The Seychelles Energy Commission on behalf of the Government of Seychelles has been developing and de-risking a marine floating solar PV (FPV) power plant. Though FPV has been deployed at scale for years, these installations are located in freshwater environments such as lakes or reservoirs. With support from the Clinton Foundation, the African Legal Support Forum, as well as legal and technical advisers from Trinity International LLP and Multiconsult Norge AS, the project will be Africa’s first utility-scale FPV plant in a marine environment and aims to support the country’s transition to renewable energy. The project site is located in a saltwater lagoon on the main island of Mahe, and therefore must be designed to cope with salinity, tidal fluctuations, and an ocean environment. The floating solar power plant is estimated to have a capacity between 3.5 – 4 MW and to provide cleaner, more sustainable energy at a lower cost.
Many island territories around the world still rely heavily on fossil fuels as their primary source of energy, despite high potential for renewable energy generation. One of the obstacles is land space. Many islands have competing uses for land – from residential development to agriculture to tourism to conservation – but massive ocean territories. The Seychelles – like many islands – has excellent solar PV potential but also has limited land availability for ground-mounted solar. To be able to capitalize on this potential for renewable solar energy and reduce dependence on expensive, imported fossil fuels, makes the case for a solution that considers land constraints.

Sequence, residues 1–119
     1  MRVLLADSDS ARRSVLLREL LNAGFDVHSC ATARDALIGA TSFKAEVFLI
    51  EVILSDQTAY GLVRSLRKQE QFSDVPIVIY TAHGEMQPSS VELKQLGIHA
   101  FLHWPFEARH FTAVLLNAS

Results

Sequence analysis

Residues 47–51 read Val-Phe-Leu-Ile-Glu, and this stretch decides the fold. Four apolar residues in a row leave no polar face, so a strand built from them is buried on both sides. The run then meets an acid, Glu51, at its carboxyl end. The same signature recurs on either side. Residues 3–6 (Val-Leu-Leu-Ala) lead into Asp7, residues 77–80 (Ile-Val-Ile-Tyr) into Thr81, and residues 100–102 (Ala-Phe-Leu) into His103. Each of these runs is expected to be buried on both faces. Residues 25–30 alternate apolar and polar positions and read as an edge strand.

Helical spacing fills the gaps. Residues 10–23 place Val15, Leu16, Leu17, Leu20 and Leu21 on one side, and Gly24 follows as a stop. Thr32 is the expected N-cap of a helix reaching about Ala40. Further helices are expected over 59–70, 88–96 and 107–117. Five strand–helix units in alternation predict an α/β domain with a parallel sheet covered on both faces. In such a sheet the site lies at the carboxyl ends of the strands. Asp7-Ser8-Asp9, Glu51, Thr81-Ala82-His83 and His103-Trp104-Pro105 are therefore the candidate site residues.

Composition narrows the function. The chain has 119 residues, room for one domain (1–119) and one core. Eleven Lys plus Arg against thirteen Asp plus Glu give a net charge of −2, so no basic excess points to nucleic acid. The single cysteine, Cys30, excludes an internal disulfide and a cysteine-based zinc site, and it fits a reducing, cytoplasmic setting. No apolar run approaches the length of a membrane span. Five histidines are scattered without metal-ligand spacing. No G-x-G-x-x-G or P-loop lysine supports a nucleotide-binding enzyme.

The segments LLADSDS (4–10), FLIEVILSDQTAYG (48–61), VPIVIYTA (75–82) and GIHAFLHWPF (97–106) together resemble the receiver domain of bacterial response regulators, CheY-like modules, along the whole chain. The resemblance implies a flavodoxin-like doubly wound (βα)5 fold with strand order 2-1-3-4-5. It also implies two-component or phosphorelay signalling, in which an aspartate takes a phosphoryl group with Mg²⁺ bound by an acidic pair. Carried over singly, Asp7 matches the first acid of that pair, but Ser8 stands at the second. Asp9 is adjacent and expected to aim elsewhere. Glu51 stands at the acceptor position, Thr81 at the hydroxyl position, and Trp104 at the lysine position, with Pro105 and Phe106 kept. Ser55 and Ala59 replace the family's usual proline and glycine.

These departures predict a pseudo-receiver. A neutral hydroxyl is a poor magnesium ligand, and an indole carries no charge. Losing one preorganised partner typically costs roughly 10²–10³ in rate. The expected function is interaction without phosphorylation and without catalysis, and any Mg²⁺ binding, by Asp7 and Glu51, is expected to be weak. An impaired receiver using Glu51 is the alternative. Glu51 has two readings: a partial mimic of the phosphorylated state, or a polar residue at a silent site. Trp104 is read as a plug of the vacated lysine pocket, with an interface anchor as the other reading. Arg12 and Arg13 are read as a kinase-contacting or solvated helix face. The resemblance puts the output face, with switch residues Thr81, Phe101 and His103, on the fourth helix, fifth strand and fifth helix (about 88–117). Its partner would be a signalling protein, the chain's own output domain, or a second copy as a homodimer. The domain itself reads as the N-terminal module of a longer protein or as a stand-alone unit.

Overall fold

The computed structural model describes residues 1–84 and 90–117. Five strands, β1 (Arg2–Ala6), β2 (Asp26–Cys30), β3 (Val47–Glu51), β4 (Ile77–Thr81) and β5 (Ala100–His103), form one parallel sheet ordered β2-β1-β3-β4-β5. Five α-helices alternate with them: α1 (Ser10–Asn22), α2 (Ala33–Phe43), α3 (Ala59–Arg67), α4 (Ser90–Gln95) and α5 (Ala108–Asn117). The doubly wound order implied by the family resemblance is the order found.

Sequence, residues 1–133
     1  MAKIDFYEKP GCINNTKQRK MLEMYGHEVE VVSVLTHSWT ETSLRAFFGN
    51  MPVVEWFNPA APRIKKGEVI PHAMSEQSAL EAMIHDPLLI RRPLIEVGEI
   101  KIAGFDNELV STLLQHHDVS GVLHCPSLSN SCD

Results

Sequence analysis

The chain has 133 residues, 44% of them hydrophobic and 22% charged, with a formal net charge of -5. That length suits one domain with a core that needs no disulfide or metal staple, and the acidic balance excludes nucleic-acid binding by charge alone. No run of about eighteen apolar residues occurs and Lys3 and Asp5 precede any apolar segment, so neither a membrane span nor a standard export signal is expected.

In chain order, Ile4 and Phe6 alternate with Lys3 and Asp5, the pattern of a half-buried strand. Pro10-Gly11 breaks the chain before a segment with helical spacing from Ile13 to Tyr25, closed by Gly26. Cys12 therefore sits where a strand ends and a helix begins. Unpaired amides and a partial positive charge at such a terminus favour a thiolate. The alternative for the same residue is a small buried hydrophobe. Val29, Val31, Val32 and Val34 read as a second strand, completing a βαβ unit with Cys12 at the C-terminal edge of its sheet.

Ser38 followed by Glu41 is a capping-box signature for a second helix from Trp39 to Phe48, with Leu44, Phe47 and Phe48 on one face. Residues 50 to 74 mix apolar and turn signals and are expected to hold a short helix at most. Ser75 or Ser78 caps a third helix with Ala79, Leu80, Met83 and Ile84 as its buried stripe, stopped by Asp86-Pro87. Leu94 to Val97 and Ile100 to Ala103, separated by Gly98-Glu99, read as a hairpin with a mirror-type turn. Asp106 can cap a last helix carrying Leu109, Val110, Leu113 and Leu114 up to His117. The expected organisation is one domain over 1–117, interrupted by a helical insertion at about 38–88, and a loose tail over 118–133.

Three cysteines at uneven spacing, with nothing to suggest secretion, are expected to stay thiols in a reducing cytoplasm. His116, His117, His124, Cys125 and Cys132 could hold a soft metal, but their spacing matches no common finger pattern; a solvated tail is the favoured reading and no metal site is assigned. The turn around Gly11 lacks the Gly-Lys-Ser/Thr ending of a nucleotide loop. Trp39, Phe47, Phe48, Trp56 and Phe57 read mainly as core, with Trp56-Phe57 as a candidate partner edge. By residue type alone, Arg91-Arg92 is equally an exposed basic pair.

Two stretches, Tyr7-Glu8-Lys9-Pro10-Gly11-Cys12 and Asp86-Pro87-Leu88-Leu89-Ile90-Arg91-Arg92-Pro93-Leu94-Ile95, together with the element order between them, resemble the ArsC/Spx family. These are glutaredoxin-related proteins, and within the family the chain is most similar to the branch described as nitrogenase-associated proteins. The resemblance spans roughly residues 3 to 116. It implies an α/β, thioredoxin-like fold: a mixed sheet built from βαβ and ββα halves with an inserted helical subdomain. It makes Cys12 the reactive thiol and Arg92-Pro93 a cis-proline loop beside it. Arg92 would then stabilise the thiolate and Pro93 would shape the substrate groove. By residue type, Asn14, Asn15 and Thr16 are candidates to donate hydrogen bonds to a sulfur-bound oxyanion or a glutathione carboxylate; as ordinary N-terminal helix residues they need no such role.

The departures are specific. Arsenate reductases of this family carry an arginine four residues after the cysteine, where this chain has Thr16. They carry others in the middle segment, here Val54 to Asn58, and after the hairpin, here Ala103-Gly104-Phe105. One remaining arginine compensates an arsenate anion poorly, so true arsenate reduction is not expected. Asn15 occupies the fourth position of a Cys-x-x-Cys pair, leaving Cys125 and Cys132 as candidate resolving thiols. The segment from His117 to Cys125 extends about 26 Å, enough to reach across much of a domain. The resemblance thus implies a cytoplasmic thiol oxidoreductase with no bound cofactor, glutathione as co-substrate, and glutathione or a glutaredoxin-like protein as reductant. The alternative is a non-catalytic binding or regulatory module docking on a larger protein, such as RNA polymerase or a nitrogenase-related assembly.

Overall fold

Marine Floating Solar PV Plant (FPV) solves the double challenge of land constraints and clean energy generation. Floating solar PV panels are suspended in marine ecosystems with careful consideration of environmental impact. By utilizing marine FPV, islands and other land-constrained economies can maximize their solar PV potential and rely on clean, renewable energy sources rather than imported fossil fuels.
Marine floating solar, also known as floating photovoltaic (FPV) works as any other solar panel system works, but floats on top of a body of water. In the Seychelles case, these panels will float atop a body of water in a saltwater lagoon, where waters are relatively calm and sheltered. Solar panels are affixed to a buoyant structure that keeps them afloat. One issue solar panels have in hot climates is that they can actually become overheated reducing their capacity to generate power efficiently. The waters that host FPV systems help cool down the solar equipment, producing electricity at higher efficiencies. Special considerations, such a salinity, are considered when designing the materials to ensure corrosion is avoided and/or controlled.
The project is currently wrapping up the procurement phase, with the project award expected to be issued to the IPP in late 2019. Construction is expected to start in mid-2020, with operation later that year. Because the power plant is not yet operating, many of the impacts cannot yet be quantified. Nevertheless, the following results are expected:
Expected benefits include:
This information was based on an interview conducted with Fiona Wilson of the Clinton Foundation and Tony Imaduwa, CEO of the Seychelles Energy Commission.